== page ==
Learning to Let Things Go Before They Diminish Us
On May 14, 1973, two months after John McCain’s release from a North Vietnamese prison, U.S. News & World Report published his 43-page essay about what he had endured there.
His narrative of his 5 1/2 years as a prisoner of war — the torture, the starvation, the intermittent waves of doubt that he would survive — is unsparing and harrowing, and it’s void of hyperbole.
“The date was Oct. 26, 1967,” he begins. “I was on my 23rd mission, flying right over the heart of Hanoi in a dive at about 4,500 feet, when a Russian missile the size of a telephone pole came up — the sky was full of them — and blew the right wing off my Skyhawk dive bomber. It went into an inverted, almost straight-down spin. I pulled the ejection handle, and was knocked unconscious by the force of the ejection. … I didn’t realize it at the moment, but I had broken my right leg around the knee, my right arm in three places, and my left arm.”
His description of solitary confinement: “I was not allowed to see or talk to or communicate with any of my fellow prisoners. My room was fairly decent-sized — I’d say it was about 10 by 10. The door was solid. There were no windows. The only ventilation came from two small holes at the top in the ceiling, about 6 inches by 4 inches. The roof was tin and it got hot as hell in there. The room was kind of dim — night and day — but they always kept on a small light bulb, so they could observe me. I was in that place for two years.”
When he refused to be released before his fellow POWs, one of his captors told him, “Now, McCain, it will be very bad for you.”
He was tortured for the next year and a half. They broke his left arm again and cracked several of his ribs. He describes “the lowest point,” when he was on the brink of suicide and wrote a dictated confession. “I had learned what we all learned over there: Every man has his breaking point. I had reached mine.”
He was finally released on March 14, 1973, with 106 fellow U.S. flyers and one American civilian.
His essay ends with his future plans: “I had a lot of time to think over there, and came to the conclusion that one of the most important things in life — along with a man’s family — is to make some contribution to his country.”
After all that, John McCain wanted to serve.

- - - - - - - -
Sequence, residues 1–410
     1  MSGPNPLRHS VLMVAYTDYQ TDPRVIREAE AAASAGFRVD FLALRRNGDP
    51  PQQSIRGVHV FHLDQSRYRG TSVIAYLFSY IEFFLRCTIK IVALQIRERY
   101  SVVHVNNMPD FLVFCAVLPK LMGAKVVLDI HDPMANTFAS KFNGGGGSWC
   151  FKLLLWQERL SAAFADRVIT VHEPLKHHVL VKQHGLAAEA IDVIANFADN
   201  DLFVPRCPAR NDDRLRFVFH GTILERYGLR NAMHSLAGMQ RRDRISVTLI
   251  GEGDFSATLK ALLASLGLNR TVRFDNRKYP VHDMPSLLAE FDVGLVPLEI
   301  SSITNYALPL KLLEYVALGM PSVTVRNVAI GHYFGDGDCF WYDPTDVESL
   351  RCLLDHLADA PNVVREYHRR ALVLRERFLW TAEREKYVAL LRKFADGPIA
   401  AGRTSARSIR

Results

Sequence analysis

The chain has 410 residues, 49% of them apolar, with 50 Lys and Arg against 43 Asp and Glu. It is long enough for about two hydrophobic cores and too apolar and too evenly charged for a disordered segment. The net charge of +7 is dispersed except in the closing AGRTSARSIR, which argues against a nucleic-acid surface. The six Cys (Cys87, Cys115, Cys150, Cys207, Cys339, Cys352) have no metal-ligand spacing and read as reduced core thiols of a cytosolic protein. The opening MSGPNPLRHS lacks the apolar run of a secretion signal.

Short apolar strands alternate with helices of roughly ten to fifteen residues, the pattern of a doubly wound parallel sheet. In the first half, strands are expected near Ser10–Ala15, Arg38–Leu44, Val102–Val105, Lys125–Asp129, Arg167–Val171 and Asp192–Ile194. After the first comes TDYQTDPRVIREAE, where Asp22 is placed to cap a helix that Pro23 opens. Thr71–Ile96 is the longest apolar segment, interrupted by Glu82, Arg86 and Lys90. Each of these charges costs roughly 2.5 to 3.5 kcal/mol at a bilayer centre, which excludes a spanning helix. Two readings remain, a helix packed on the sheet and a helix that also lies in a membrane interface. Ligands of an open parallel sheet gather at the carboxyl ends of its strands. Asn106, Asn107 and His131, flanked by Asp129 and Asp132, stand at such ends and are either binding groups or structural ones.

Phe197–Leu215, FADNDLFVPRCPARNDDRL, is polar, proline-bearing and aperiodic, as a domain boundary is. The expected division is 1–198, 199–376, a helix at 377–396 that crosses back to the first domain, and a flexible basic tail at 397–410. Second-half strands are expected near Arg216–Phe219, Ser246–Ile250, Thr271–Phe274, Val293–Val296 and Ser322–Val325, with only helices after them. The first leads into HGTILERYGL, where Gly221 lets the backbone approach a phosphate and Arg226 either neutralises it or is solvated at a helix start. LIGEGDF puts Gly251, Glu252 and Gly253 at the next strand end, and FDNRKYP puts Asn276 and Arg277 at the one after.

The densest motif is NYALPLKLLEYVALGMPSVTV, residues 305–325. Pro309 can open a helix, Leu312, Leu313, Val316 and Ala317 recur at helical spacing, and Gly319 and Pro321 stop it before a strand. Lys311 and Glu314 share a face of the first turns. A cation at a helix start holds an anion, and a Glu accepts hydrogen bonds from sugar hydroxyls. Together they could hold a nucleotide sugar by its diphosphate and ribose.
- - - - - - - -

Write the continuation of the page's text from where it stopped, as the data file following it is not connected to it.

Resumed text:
In response to my expressing respect for him and sympathy for his family, I’ve received numerous links to opinion pieces detailing his many flaws. I’ve never thought that paying tribute, in death, to the best parts of a person means we’re ignoring the worst. I seldom agreed with McCain politically, and I could rattle off missteps in his public life. But I am mindful of his private life during those years in that cell in Hanoi, and that will forever inform my view of him.
My home county of Ashtabula, in the northeastern corner of Ohio, lost 26 boys in Vietnam. Countless others served, and many returned as someone else.
They were farm boys and working-class kids, and they were drafted. No college deferments, no influential fathers or friends of fathers to keep them out of harm’s way. They didn’t flee to Canada or even consider becoming conscientious objectors, because that’s not what you did where I grew up.
I understood at a young age that you don’t attack men whose only option was to do what their country told them to do. I judge no one who found a way to avoid going to Vietnam, as long as these people acknowledge the privilege of their deferments, as well as the sacrifices of those who weren’t so lucky.
Which brings me, ever so briefly, to Donald Trump. I will not rehash what he has done to disrespect McCain after his death. Most of us aspire to evolve as human beings, which requires us to discard those parts of us that diminish us. Some, however, just never learn how to take out the trash. That filth has a way of pooling around you.
Over the years, I occasionally crossed paths with McCain. Only once did I talk to him about his time as a POW, during a dinner before Pope Francis’ speech to Congress in September 2015. Five years earlier, I had traveled to North Vietnam to report on the enduring legacy of Agent Orange. McCain inquired at length about my conversations with veterans there.
I told him I had visited the Hanoi Hilton, which is now a museum, and had seen his flight suit displayed in a glass case. He smiled and shook his head.
“That wasn’t mine,” he said. “They made that up.”
That was it. No tales of suffering at the hands of his captors. No mention of his permanent injuries from their torture. Not a single sign of enduring resentment. He just shrugged at my look of surprise and smiled again.
“You learn to let things go,” he said.
That’s what I want to remember about John McCain.